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Options for Europe – Part 64

The title is my current working title for a book I am finalising over the next few months on the Eurozone. If all goes well (and it should) it will be published in both Italian and English by very well-known publishers. The publication date for the Italian edition is tentatively late April to early May 2014.

You can access the entire sequence of blogs in this series through the – Euro book Category.

I cannot guarantee the sequence of daily additions will make sense overall because at times I will go back and fill in bits (that I needed library access or whatever for). But you should be able to pick up the thread over time although the full edited version will only be available in the final book (obviously).

Chapter X The Stability and Growth Pact fails within 2 years – so Germany alters the rules


The horse trading that ensued followed the usual European script – a drawn out talk fest with nothing much of substance achieved

The upshot of this saga was that the European Commission decided to alter the SGP rules. On September 3, 2004, the European Commission communicated their intention to the Council and the European Parliament that it would formally work towards “refocusing” the SGP (European Commission, 2004a). Behind the scenes, the horse-trading that had been going on for months following the disastrous impasse between the Commission and the Council followed the usual script – a protracted, agonising process motivated by the deep enmities and suspicions that defined the ‘European Project’. Ultimately, it resulted in a more flexible, but still rigidly, unworkable framework. While the politicians constructed the changes as ‘reforms’ the reality was that they had relaxed their rules. But the ideology remained – there would be insufficient fiscal latitute and the changed rules and procedures that were finally agreed upon were not sufficient to alter the fact that, if followed and/or enforced, they biased the Eurozone to crisis.

By the European summer of 2004, 10 EU states were being processed within the EDP. After the Commission-Council impasse and the resulting European Court of Justice decision in July 2004, Germany promised to take measures to reduce its deficit by 2005 and its EDP was terminated. Some would say that its defiance of the initial process that led to the stand-off had effectively terminated it anyway. But it is worth noting that Germany actually embraced a much more austere policy stance in 2005 as it started to reap the export growth from the ‘overspending’ of its EMU partners.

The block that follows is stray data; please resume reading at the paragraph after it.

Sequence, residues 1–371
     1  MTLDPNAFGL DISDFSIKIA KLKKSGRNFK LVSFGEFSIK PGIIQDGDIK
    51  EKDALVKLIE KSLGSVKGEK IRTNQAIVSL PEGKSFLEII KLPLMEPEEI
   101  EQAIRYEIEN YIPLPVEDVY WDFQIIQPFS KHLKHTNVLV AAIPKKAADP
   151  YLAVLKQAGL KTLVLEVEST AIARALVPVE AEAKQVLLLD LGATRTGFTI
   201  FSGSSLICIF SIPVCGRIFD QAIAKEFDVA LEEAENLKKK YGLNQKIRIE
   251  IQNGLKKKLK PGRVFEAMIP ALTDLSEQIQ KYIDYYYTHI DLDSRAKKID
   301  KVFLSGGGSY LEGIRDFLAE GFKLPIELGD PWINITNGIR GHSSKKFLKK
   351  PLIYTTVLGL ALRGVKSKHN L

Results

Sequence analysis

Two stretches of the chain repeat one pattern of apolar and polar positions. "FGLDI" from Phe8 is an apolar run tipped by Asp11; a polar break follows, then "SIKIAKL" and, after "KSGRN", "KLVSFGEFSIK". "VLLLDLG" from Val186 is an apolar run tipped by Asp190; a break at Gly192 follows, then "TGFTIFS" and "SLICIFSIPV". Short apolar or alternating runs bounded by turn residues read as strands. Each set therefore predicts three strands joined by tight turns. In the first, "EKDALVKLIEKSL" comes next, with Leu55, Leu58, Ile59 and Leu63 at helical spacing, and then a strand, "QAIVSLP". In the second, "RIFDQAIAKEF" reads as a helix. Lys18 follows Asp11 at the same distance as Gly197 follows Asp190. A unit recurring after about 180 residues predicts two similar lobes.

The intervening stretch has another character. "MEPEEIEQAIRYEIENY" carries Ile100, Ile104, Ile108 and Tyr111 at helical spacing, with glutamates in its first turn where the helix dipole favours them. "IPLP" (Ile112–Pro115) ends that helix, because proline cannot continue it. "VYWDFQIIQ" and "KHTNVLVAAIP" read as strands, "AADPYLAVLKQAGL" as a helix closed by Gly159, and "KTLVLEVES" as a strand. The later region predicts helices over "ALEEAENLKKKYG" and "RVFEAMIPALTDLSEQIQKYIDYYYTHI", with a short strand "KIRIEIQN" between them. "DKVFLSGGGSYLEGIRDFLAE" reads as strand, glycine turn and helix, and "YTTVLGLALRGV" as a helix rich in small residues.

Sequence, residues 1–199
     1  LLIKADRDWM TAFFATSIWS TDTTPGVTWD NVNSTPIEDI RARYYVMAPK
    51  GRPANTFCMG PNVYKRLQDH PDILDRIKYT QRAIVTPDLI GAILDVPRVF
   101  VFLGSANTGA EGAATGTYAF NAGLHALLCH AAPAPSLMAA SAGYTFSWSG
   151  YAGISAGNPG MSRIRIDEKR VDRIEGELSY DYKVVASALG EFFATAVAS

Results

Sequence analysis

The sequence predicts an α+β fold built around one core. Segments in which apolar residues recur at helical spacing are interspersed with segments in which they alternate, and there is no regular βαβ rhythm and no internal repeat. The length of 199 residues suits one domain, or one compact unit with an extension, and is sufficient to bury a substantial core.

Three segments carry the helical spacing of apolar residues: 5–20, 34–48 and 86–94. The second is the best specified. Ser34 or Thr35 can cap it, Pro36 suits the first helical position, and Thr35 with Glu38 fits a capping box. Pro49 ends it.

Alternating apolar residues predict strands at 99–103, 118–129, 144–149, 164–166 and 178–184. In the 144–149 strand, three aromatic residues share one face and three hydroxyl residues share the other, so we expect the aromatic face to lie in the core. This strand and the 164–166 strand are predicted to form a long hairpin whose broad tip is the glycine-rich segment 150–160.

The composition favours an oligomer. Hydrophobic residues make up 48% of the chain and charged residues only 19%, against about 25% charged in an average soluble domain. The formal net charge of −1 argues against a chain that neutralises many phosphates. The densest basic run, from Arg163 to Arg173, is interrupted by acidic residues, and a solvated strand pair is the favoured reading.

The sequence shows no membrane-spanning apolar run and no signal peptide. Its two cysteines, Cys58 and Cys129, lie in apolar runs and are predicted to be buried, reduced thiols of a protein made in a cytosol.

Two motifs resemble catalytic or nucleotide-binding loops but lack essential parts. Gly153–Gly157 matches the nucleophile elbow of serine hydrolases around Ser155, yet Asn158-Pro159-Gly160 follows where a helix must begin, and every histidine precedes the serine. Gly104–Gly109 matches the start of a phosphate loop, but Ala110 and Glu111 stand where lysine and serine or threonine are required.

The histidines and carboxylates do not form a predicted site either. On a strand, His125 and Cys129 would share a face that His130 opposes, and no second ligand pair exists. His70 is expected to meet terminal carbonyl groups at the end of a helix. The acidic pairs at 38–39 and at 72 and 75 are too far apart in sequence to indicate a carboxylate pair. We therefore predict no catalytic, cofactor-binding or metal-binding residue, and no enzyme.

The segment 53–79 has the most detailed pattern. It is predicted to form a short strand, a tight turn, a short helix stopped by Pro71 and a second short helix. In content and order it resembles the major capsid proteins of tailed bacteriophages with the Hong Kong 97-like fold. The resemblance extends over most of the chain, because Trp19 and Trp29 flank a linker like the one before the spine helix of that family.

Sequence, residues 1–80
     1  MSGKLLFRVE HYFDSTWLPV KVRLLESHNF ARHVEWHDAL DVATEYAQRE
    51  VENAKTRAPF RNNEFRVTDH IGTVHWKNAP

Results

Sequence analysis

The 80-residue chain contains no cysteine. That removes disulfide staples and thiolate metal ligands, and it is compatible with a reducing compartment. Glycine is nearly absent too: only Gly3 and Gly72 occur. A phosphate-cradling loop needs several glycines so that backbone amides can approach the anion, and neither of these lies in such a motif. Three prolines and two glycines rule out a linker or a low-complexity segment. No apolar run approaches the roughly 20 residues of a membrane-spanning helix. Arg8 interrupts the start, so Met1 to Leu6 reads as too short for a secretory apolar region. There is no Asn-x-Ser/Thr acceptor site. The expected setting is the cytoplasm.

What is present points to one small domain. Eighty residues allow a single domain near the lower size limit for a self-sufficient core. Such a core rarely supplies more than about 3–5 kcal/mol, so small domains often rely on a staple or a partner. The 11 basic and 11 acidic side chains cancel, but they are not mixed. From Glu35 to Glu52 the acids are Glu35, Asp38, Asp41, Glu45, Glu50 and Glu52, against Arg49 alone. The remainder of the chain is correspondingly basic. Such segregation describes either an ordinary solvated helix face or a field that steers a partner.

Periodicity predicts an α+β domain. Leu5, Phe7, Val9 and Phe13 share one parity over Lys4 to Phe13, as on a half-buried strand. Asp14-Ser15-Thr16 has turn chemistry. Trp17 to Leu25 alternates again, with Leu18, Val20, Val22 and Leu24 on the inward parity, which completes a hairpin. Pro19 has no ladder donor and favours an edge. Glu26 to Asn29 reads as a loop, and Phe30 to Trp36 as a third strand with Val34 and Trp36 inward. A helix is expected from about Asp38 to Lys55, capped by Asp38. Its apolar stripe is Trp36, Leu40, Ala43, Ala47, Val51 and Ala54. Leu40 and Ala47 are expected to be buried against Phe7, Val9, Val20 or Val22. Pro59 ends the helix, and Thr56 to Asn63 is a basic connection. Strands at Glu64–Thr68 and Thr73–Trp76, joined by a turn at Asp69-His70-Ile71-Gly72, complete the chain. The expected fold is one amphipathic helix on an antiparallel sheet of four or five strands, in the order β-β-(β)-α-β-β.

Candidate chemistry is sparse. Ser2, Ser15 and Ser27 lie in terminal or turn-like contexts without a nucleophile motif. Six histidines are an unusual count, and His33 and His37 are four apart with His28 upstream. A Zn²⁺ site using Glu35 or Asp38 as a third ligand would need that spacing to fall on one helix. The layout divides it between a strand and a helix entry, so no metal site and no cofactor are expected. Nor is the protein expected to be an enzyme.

The case against the Netherlands was also terminated in May 2005, when it recorded a deficit of 2.5 per cent for 2004. The action was stepped up against Greece in February 2005, after Eurostat revised their past public finance data back to 1997 and substantially increased the recorded Greek government deficits for 2003 and 2004. The revised 2004 result of 6.1 per cent of GDP clearly concerned Brussels. This concern was expressed in a report sent to the Council and the European Parliament from the Commission – Towards a European Governance Strategy for Fiscal Statistics (European Commission, 2004b), which “acknowledged deficiencies in the compilation and reporting of fiscal statistics to the Commission” (p. 2).

We do not need to concern ourselves with the specific recommendations of that report. Suffice to say that the results led to an improvement in the quality and coverage of the statistics relating to public finances in Europe. The unfortunate aspect is that the data was still being interpreted through a neo-liberal lens, and as a consequence, incorrect inferences continued to be drawn and destructive policies proposed and implemented. The improved data should have been used as part of an overall strategy to render government fiscal policy more effective in dealing with unforeseen cyclical spending variations so that output and employment growth could have been maintained. Instead it was used as input into the continued sledgehammer approach the European Commission adopted to suppress the fiscal capacity of the Member States, with the catastrophic unemployment rates being the manifestation of this folly.